Pothos, philodendrons, anthuriums, peace lilies, and zz plants are all members of the Araceae family (aka the Arum family), also known as “aroids.” No other group of plants can compare to the extravagant and exotic foliage exhibited by Araceae. Aroids have become a staple in the houseplant market for the relative ease of care and their ability to tolerate both bright and low light conditions. Here’s what you’ll need to know about these special plants and how to care for them.
Aroids are prized for their diverse, spectacular foliage (monsteras especially) and relative ease of care. They’re well-adapted for life indoors and grow fairly quickly. Aroids have several distinguishing features. The easiest way to identify these plants is by observing the flower. Arum flowers have a spathe, a petal-like structure, which can attract pollinators, and a spadix, which is a spike containing the flowers or Inflorescence. Leaf blades come in all sizes, shapes, and colors. These plants are extremely diverse thanks to their ability to tolerate both low and bright light conditions as well their ability to thrive indoors (or out) with little to no soil. Many of these plants have waxy roots and leaves that block the plants from absorbing too much water, making it possible for them to progagate in water.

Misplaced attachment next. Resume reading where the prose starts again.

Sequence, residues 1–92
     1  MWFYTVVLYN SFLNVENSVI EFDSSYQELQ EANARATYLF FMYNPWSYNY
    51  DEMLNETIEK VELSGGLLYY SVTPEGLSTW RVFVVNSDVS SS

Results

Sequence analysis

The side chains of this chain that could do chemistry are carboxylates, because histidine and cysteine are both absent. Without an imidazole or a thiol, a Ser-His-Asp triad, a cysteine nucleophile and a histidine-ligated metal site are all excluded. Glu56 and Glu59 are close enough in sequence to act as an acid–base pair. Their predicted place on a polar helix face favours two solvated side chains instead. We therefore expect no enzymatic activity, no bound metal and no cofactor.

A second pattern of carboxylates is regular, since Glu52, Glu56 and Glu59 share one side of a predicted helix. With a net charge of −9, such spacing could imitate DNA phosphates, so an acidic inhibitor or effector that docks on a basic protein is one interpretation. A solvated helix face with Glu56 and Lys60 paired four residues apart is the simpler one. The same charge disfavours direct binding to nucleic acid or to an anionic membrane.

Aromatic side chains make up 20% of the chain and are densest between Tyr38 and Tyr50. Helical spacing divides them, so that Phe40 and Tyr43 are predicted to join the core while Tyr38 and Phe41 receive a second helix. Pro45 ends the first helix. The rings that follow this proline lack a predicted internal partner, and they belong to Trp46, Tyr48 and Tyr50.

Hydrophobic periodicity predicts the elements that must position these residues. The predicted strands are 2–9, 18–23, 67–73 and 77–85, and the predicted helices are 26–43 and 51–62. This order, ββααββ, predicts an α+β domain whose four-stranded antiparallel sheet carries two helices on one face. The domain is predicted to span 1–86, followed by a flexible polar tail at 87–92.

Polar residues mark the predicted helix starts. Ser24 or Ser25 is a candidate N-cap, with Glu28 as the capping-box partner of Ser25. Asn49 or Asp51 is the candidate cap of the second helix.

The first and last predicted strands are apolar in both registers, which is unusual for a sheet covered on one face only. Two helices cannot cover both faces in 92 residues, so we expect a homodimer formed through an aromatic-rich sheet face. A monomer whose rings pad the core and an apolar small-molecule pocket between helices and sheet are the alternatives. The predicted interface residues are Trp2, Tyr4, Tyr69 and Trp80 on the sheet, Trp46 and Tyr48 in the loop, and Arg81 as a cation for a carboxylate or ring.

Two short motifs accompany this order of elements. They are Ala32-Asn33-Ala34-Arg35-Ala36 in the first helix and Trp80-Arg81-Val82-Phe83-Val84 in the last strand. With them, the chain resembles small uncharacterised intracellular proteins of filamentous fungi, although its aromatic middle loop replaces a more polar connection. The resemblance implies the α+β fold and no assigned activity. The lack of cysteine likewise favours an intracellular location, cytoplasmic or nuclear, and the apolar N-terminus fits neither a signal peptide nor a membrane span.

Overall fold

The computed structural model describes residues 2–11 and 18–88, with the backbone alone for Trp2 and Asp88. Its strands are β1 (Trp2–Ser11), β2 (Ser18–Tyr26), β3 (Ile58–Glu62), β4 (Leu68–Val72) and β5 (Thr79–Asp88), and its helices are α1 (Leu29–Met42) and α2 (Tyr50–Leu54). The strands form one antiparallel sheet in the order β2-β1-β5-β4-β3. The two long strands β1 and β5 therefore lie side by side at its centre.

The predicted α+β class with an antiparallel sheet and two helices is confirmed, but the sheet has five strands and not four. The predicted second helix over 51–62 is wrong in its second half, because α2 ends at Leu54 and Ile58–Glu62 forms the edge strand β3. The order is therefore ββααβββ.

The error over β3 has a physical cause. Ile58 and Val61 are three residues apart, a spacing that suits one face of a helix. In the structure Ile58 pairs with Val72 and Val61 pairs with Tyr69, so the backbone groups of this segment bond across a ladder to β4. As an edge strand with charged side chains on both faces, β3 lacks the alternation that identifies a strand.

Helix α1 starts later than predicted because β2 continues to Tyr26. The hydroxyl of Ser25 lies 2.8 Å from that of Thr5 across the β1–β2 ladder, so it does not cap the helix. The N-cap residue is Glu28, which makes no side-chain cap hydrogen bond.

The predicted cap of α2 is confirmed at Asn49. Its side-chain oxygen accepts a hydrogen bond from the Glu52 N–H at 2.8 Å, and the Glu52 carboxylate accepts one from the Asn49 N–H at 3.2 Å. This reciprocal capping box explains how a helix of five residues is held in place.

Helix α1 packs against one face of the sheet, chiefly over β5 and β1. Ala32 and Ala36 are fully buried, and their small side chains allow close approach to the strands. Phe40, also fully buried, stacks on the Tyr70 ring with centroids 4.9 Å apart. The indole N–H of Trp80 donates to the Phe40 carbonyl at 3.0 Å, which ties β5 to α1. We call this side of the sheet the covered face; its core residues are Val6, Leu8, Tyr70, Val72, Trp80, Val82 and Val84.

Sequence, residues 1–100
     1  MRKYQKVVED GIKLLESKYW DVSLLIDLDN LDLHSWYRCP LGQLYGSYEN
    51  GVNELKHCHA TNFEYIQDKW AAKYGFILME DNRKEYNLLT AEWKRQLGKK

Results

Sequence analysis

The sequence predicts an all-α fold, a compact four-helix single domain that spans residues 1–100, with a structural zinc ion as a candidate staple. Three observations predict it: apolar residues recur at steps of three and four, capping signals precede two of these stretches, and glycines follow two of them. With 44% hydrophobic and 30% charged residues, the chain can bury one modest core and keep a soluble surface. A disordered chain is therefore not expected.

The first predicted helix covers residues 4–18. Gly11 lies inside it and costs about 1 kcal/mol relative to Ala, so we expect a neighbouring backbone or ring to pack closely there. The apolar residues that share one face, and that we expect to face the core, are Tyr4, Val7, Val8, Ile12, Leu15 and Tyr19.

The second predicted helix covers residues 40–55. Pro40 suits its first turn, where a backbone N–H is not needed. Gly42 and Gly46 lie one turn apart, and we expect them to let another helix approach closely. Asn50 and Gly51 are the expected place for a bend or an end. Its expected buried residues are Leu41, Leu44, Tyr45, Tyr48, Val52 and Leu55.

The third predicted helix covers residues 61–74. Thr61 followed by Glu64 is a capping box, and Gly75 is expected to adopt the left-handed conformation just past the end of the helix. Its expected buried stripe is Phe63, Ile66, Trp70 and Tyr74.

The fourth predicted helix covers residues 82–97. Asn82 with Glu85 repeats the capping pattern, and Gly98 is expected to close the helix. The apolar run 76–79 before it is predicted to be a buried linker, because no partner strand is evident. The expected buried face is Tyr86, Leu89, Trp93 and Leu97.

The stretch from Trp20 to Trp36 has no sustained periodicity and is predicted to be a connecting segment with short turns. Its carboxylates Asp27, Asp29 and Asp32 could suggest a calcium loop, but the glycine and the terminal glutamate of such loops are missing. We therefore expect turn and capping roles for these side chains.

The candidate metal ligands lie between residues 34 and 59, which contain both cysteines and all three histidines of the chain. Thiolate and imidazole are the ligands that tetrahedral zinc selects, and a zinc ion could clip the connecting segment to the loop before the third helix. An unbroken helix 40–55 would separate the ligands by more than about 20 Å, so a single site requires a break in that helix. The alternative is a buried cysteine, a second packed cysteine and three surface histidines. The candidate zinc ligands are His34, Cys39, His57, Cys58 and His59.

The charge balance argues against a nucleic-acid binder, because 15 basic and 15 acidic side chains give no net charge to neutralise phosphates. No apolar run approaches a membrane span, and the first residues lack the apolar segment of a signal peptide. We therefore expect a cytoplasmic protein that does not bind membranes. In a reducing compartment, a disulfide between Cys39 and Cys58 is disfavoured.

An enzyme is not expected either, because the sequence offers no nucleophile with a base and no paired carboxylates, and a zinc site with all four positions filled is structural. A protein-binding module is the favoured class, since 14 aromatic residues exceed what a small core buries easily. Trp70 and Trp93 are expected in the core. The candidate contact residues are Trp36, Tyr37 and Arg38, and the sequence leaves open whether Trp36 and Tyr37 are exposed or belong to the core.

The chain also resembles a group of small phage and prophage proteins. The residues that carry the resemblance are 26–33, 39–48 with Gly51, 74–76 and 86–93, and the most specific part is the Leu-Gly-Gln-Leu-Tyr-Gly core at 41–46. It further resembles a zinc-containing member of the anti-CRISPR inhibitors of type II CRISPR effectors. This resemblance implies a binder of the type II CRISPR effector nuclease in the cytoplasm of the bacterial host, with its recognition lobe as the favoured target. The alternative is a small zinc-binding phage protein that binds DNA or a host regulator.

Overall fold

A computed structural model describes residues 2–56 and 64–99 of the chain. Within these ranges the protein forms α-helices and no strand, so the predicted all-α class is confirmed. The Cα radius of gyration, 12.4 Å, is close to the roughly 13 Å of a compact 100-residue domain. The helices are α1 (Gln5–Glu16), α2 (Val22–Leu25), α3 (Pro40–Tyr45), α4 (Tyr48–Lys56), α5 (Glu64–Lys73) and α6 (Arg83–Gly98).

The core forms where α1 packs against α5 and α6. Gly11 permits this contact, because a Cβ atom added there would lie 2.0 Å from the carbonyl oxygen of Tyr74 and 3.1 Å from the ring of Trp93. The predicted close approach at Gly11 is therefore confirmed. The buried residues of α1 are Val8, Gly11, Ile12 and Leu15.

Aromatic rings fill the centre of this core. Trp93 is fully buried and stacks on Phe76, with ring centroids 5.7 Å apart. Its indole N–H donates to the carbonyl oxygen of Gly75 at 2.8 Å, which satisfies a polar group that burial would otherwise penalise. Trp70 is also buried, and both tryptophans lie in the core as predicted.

Care varies between species, but here are a few general tips for caring for aroids.
Most aroids prefer bright, indirect sunlight (near a sunny window but not right in the sun’s rays), while other varieties can handle low light conditions.
Most aroids like a moderate amount of water. Let the top one-to-two inches of soil dry out before watering again. Leaves will droop, wilt, yellow, or get crispy when thirsty and can develop dark brown, mushy spots when overwatered. Aroids originate from tropical climates and prefer higher humidity, so misting the leaves and/or using humidity trays will help. Use a good, well-draining soil mix and plant in a pot with drainage holes.
TIP #1: Let water sit for at least 24 hours before watering plants. This will allow the chlorine and fluoride normally found in municipal water to dissipate. Misting water should also be dechlorinate prior to misting plants.
Fertilize in the spring or summer when the days start getting longer. Be sure to watch the video "Amazing Aroids" with Garden Guru, Mike Westphal.